NEWS IN THE WORLD OF POWER AND INTEGRATED BUILDING SYSTEMS
16 ELECTRICALCONTRACTOR | JUN.16 | WWW.ECMAG.COM
SCOTUS Rules on Power-Generation Incentives
> IN A UNANIMOUS DECISION, the U.S. Supreme Court
ruled 8–0 that a controversial Maryland program designed to
incentivize new in-state power generation should be thrown
out because it intrudes on federal authorities’ jurisdiction over
wholesale energy markets.
Hughes v. Talen Energy Marketing hinged on a Maryland
program that guaranteed income for new in-state power
generation to ensure that it cleared wholesale market auctions.
Some utilities and the Obama administration argued that the
program artificially suppressed power prices, infringing on the
Federal Energy Regulatory Commission’s (FERC) exclusive
authority over interstate wholesale markets.
The justices left the door open for other state generation
incentives but said states may not “intrude on FERC’s authority
over interstate wholesale rates, as Maryland has done here.”
A coalition of states and industry interests spurred the high
court to take the case last year, arguing that allowing a lower
court decision that threw out the program to stand would
endanger dozens of state laws under which private parties are
investing billions in needed generation plants, including clean-
coal facilities and wind farms.
State officials argued that the program was simply aimed
at ensuring a natural gas plant being constructed in Maryland
would later clear PJM Interconnection (a regional transmission
organization) market auctions, something they said was essential
to ensure reliability and reasonable power prices for consumers.
Utilities, PJM and FERC argued that the state incentives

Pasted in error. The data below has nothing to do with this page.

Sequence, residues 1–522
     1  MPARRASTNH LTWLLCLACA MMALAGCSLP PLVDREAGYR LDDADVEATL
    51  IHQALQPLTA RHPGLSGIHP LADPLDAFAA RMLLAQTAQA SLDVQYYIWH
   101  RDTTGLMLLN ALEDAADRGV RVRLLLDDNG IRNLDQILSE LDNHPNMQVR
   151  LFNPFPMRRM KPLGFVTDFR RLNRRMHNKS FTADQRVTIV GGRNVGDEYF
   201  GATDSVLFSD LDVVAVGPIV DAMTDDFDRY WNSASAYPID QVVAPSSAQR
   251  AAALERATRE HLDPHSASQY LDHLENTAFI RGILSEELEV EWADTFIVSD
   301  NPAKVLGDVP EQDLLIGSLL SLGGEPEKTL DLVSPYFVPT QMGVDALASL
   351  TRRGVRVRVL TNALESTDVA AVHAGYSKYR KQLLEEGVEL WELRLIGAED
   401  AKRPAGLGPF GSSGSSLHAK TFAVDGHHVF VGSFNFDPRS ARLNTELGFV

were in direct conflict with PJM’s Minimum Offer Price Rule,
The court attempted to draw a line between the Maryland
program and other state generation incentive programs.
Justice Ruth Bader Ginsburg wrote that not all state generation
incentives would infringe on FERC’s wholesale market
jurisdiction but that the Maryland program went too far.
“Maryland’s program is rejected only because it disregards
an interstate wholesale rate required by FERC,” Ginsburg
writes. “Neither Maryland nor other states are foreclosed from
encouraging production of new or clean generation through
measures that do not condition payment of funds on capacity
clearing the auction.”
Many observers noted the narrow nature of the ruling.
“The Court issued a narrow ruling in this matter,” said Travis
Kavulla, president of the National Association of Regulatory
Utility Commissioners, in a press release. “Indeed, following
the Supreme Court’s logic, it seems possible that the State of
Maryland could have accomplished substantially the same
result of obtaining new generating capacity in the state, just so
long as it did not condition the generator’s compensation on the
wholesale market’s clearing price for capacity.
“This narrow ruling inevitably will result in further litigation
of these issues by leaving many open questions. Someday soon,
consumers, utilities, power generators, and regulators alike will
need greater certainty about what is and is not permissible on
the part of federal and state regulators. But today is not that day,”
New York Renewable Transmission Is out of Sight
> MUCH OF WHAT we think we know
about renewable technology comes from
visual association. However, much of
renewable energy is invisible.
One such project is a proposed cable to
bring electricity generated from renewable
sources to New York City. The high-voltage
direct current (HVDC) electric
transmission line will be installed
underground and underwater.
In April, Empire State
Connector Corp. (ESC) filed an
application with the Federal
Energy Regulatory Commission
(FERC) for the 260-mile,
The route will “unlock” upstate
renewable and zero-emission generators,
helping New York State achieve its goal of
50 percent renewable generation by 2030,
said John Douglas, ESC CEO.
According to the application, the
line will originate at a converter station
near Utica, N. Y., and it will terminate at a
converter station in New York City. The
stations will be connected by two solid-state HVDC cables.
The project will be built under a
project labor agreement (PLA), using
New York State construction workers
and labor unions affiliated with the
New York State Building Trades. ESC
estimates the project will create more
than 500 construction jobs and 1,200
indirect jobs during the three-to-four-year construction period. The target
in-service date is 2021.
For more on HVDC, see “Power to the
People,” on page 46.